Individuals immigrating to the United States already face a mountain of hardships, including the huge amounts of documentation and legal paperwork needed to stay in the country.
To relieve some of the stress of the unknown, immigrants can familiarize themselves with some common defenses to removal and deportation.
1. Applications for permanent residency
Occasionally, a green card application may work as a deportation defense. Permanent residency applications depend on an approved visa petition. Using a family member with United States citizenship, individuals can change from nonimmigrant to immigrant status in order for them to get legal status. An “Adjustment of Status can also derive from an approved employment-based petition.
2. Prosecutorial discretion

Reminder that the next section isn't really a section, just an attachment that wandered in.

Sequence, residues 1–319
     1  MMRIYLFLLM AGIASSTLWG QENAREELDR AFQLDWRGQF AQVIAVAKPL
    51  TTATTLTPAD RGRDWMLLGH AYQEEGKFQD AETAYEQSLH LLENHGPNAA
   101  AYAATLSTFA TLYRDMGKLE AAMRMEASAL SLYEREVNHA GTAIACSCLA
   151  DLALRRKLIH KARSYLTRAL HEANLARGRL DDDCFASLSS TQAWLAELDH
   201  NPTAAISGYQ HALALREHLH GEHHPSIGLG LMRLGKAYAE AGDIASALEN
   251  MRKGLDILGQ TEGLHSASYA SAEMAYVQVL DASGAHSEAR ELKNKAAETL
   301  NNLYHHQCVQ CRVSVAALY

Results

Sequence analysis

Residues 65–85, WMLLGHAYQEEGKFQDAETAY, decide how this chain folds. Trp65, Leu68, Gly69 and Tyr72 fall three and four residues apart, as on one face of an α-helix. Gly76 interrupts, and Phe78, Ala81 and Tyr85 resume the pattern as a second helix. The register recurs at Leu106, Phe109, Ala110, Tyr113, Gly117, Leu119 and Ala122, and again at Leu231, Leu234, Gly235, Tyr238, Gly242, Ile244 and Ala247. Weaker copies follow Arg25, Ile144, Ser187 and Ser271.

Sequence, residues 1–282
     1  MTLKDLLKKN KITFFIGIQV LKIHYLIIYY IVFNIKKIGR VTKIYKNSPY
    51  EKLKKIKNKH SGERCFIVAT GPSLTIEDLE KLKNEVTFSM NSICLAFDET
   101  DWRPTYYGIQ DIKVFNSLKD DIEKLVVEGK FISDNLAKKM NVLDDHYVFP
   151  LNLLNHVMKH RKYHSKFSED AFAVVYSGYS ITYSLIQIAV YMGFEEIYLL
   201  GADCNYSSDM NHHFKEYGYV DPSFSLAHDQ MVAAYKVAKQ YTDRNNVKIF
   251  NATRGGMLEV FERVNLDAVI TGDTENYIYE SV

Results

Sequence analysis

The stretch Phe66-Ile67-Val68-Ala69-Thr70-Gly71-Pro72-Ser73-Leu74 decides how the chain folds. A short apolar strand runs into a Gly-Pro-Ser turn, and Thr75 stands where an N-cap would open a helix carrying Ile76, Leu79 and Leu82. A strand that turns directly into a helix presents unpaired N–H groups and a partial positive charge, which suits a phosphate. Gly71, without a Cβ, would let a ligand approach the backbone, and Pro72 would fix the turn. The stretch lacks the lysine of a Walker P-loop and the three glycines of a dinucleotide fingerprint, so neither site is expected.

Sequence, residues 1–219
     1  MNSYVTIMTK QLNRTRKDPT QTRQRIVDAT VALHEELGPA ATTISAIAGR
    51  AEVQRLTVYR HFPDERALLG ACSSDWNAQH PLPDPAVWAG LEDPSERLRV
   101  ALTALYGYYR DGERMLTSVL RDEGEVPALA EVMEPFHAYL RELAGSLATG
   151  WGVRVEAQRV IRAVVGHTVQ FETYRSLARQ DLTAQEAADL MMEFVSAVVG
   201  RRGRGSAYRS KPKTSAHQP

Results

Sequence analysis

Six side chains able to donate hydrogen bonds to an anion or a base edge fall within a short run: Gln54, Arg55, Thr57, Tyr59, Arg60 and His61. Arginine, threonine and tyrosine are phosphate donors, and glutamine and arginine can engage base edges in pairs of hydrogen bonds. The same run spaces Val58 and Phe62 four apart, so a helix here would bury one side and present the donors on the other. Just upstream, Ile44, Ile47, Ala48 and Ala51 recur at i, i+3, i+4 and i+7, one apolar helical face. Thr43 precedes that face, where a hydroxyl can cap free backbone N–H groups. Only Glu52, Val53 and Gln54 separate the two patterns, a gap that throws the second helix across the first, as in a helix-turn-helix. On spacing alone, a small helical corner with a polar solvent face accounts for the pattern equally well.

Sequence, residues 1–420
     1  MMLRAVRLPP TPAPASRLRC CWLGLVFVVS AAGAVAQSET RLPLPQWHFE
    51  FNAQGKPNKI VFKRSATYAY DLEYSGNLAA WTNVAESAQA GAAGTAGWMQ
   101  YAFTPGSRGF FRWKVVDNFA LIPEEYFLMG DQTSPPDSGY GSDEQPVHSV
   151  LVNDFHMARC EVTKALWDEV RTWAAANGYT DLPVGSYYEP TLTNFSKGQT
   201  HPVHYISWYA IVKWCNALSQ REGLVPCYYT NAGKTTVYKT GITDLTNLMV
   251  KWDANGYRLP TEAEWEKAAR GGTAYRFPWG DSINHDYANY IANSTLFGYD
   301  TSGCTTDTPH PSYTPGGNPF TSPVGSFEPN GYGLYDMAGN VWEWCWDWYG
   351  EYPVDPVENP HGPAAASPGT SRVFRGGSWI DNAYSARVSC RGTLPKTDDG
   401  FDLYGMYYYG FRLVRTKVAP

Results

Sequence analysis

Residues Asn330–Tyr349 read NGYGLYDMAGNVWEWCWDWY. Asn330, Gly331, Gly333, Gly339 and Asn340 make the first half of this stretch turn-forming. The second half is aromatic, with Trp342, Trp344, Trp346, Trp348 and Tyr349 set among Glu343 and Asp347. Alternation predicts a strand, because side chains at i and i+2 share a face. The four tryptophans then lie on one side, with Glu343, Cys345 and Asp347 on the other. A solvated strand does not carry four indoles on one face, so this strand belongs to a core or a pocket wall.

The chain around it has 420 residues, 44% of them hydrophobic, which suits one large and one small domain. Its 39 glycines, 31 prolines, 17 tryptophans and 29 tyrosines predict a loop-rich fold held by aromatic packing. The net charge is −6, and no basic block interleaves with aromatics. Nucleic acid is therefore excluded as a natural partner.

The decision to close or terminate the removal proceedings is in the hands of the government agency or attorney directing the deportation. If a deportation case closes based on prosecutorial discretion, individuals facing removal might have the opportunity to apply for work authorization. Depending on the person’s other applications on file, this will not include the right to travel.
3. Renewal of form I-751
The government’s attorney may begin removal proceedings against an individual as a consequence of an untimely filing of the I-751 petition to remove condition on residence. An immigration judge can renew the I-751 petition as a defense to deportation.
People who fled a past harm in their home country or live in fear of future persecution can file a request for grant of asylum. These applicants must demonstrate that the persecution they fear or actually suffered resulted from discrimination based on their nationality, religion, race, political opinion or membership in a certain social group. A grant of asylum leads to the individual obtaining legal status in the United States, a green card and a work permit.
Overall, there are ways to defend against deportation and working with a legal team may help immigrants get a better chance in court.